I have used both reinforcement and punishment on my dog, Chloe. Electric fences are positive punishment. I used these on her to make her stop running out of our yard. If she crossed the property line she was given a small shock. After crossing once, she never did it again. A beeping noise also goes off when she gets close to the electric fence. Chloe has associated this noise with the shock (classical conditioning) and will turn around whenever she hears it. I also taught Chloe some tricks with positive reinforcement. Through shaping I was eventually able to teach Chloe how to roll over. Every time she completed the task successfully I would give her a treat (normally a piece of cheese). This turned into a problem though because I might’ve made her do the trick too many times. For a while after teaching her how to roll over, Chloe would start rolling over and over and over every time someone in my family got some cheese from the refrigerator. She wouldn’t stop until they gave her the cheese or picked her up. Once I think she did 6 or 7 spins before I stopped her. Thankfully this only lasted a few days. She stopped this dizzying habit when we stopped responding to her.

Taste Aversion

Christian Duncan

Psych 100.003



The psychology concept that I will be talking about is taste aversion. Taste aversion states that humans are apt to have an aversion to a food if they become sick afterwards. Now I understand some may think to themselves why this would be a psychology concept. Well to keep it simple it’s because a mind game played with oneself. Taste aversions are also a great example of the fundamentals of classical conditioning. Classical conditioning is the type of learning in which an organism learns to associate stimuli. In the scenario, the person is associating the food with the illness followed after eating it. Although the food and the illness have no actual correlation, one will still avoid the food because it reminds them of the sickness. I have actually had a couple experiences in my life that describe this perfectly. I remember back when I was around eleven and I was at home eating Nabisco’s Nilla Wafers on a weekend. At the time, these cookies were one of my favorite snacks to eat and I always enjoyed eating them. Oddly enough, on this particular day I became sick after eating them and I threw up. I still to this day won’t eat these cookies. I understand that it wasn’t the cookie that made me sick but the thought of eating one somehow leaves a distasteful flavor in my mouth. Another is when I was on my school bus and I was chewing some generic gumballs that you might get as a crappy Halloween treat. As odd as it sounds, I could only compare its nauseating taste to that of old Chinese food. This resulted in me refusing to order Chinese food restaurant for years. Now that many years have passed I can now consume this type of meal with no hesitation. I do find it truly interesting though as to why we make the food we ate the “bad guy” as if it was the reason we became ill, resulting in us avoiding it for an extended period of time. It’s just another incredible concept of how the human mind works.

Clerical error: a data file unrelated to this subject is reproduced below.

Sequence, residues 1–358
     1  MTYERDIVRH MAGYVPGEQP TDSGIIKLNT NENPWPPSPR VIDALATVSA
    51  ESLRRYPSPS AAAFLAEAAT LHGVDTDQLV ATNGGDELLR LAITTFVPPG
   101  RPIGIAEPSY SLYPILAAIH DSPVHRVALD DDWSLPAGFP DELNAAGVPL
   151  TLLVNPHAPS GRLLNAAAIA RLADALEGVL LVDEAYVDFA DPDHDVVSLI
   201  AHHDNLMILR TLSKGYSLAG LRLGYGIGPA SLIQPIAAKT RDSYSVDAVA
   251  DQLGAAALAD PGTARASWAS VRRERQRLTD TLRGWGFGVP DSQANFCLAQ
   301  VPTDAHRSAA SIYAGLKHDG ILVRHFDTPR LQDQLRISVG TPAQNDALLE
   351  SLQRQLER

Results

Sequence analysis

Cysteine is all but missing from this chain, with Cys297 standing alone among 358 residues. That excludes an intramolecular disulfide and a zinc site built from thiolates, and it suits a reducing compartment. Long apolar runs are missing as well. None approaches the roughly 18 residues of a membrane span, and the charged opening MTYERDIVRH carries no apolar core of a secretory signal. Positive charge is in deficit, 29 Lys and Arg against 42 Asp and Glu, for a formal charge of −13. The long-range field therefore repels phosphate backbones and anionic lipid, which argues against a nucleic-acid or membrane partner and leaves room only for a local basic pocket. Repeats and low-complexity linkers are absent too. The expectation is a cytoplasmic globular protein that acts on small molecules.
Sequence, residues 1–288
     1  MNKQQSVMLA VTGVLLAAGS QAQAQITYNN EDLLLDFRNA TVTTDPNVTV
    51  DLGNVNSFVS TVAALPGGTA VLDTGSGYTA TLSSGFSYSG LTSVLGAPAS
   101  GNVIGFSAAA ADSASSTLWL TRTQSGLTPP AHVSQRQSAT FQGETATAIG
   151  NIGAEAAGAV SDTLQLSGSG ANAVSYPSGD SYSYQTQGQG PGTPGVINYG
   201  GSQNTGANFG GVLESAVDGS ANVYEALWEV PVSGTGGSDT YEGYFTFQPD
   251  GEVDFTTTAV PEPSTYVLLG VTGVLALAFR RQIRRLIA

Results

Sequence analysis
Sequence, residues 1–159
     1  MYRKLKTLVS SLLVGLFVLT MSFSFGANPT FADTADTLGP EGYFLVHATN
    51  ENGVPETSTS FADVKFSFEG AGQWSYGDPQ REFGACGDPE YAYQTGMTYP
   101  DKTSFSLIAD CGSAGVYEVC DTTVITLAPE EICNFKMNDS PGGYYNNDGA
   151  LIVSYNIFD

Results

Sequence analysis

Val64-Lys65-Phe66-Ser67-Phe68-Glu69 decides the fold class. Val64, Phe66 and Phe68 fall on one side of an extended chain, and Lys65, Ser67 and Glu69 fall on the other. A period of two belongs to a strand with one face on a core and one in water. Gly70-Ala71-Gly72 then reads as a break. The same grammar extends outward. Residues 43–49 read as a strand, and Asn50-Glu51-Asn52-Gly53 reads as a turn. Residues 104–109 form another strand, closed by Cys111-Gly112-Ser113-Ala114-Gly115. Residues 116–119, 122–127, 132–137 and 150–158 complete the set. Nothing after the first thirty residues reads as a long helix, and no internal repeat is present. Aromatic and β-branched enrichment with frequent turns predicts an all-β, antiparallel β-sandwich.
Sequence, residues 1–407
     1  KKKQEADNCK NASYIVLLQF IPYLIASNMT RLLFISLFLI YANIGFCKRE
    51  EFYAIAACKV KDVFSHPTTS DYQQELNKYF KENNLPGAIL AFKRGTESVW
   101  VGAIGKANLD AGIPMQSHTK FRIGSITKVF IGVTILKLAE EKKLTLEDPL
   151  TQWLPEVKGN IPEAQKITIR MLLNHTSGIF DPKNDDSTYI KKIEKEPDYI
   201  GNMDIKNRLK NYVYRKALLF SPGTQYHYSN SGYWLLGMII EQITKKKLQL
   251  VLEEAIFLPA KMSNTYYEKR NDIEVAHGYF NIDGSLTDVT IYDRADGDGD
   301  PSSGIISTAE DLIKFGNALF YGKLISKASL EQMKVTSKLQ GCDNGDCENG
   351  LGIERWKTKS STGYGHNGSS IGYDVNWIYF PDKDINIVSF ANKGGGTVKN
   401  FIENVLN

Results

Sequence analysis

Taste Aversion